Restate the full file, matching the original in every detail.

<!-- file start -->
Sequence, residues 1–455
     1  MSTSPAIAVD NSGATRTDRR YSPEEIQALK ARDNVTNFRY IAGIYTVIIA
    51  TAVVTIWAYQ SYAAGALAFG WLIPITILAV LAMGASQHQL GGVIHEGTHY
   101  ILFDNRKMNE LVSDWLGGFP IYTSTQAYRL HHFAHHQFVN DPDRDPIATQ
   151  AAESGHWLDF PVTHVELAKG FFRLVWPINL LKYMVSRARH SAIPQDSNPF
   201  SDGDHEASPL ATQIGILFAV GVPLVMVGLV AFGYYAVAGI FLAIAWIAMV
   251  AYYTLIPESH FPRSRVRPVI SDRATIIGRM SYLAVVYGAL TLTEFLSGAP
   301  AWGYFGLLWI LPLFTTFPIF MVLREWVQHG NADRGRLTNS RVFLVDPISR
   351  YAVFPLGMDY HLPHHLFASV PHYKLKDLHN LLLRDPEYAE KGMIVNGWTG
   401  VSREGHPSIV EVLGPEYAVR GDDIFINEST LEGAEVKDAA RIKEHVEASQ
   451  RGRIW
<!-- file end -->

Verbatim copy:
Sequence, residues 1–455
     1  MSTSPAIAVD NSGATRTDRR YSPEEIQALK ARDNVTNFRY IAGIYTVIIA
    51  TAVVTIWAYQ SYAAGALAFG WLIPITILAV LAMGASQHQL GGVIHEGTHY
   101  ILFDNRKMNE LVSDWLGGFP IYTSTQAYRL HHFAHHQFVN DPDRDPIATQ
   151  AAESGHWLDF PVTHVELAKG FFRLVWPINL LKYMVSRARH SAIPQDSNPF
   201  SDGDHEASPL ATQIGILFAV GVPLVMVGLV AFGYYAVAGI FLAIAWIAMV
   251  AYYTLIPESH FPRSRVRPVI SDRATIIGRM SYLAVVYGAL TLTEFLSGAP
   301  AWGYFGLLWI LPLFTTFPIF MVLREWVQHG NADRGRLTNS RVFLVDPISR
   351  YAVFPLGMDY HLPHHLFASV PHYKLKDLHN LLLRDPEYAE KGMIVNGWTG
   401  VSREGHPSIV EVLGPEYAVR GDDIFINEST LEGAEVKDAA RIKEHVEASQ
   451  RGRIW